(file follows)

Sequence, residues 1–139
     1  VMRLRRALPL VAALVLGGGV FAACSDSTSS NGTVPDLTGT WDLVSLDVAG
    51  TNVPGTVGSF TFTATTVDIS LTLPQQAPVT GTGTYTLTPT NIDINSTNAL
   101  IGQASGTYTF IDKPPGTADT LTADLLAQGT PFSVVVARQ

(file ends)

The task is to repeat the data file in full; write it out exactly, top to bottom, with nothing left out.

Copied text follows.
Sequence, residues 1–139
     1  VMRLRRALPL VAALVLGGGV FAACSDSTSS NGTVPDLTGT WDLVSLDVAG
    51  TNVPGTVGSF TFTATTVDIS LTLPQQAPVT GTGTYTLTPT NIDINSTNAL
   101  IGQASGTYTF IDKPPGTADT LTADLLAQGT PFSVVVARQ